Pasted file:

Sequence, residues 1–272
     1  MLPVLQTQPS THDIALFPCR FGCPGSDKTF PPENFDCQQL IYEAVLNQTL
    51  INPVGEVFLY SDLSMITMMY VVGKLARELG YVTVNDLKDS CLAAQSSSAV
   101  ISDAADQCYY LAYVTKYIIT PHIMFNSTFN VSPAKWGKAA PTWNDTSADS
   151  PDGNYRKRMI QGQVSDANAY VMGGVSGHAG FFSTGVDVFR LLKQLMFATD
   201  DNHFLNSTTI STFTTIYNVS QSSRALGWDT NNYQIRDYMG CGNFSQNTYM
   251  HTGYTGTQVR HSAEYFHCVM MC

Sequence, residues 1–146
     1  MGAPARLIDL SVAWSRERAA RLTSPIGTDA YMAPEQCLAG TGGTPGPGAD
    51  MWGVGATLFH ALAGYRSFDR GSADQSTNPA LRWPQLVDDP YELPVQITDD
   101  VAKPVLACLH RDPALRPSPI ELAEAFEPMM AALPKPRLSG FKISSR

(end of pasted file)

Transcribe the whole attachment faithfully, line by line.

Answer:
Sequence, residues 1–272
     1  MLPVLQTQPS THDIALFPCR FGCPGSDKTF PPENFDCQQL IYEAVLNQTL
    51  INPVGEVFLY SDLSMITMMY VVGKLARELG YVTVNDLKDS CLAAQSSSAV
   101  ISDAADQCYY LAYVTKYIIT PHIMFNSTFN VSPAKWGKAA PTWNDTSADS
   151  PDGNYRKRMI QGQVSDANAY VMGGVSGHAG FFSTGVDVFR LLKQLMFATD
   201  DNHFLNSTTI STFTTIYNVS QSSRALGWDT NNYQIRDYMG CGNFSQNTYM
   251  HTGYTGTQVR HSAEYFHCVM MC

Sequence, residues 1–146
     1  MGAPARLIDL SVAWSRERAA RLTSPIGTDA YMAPEQCLAG TGGTPGPGAD
    51  MWGVGATLFH ALAGYRSFDR GSADQSTNPA LRWPQLVDDP YELPVQITDD
   101  VAKPVLACLH RDPALRPSPI ELAEAFEPMM AALPKPRLSG FKISSR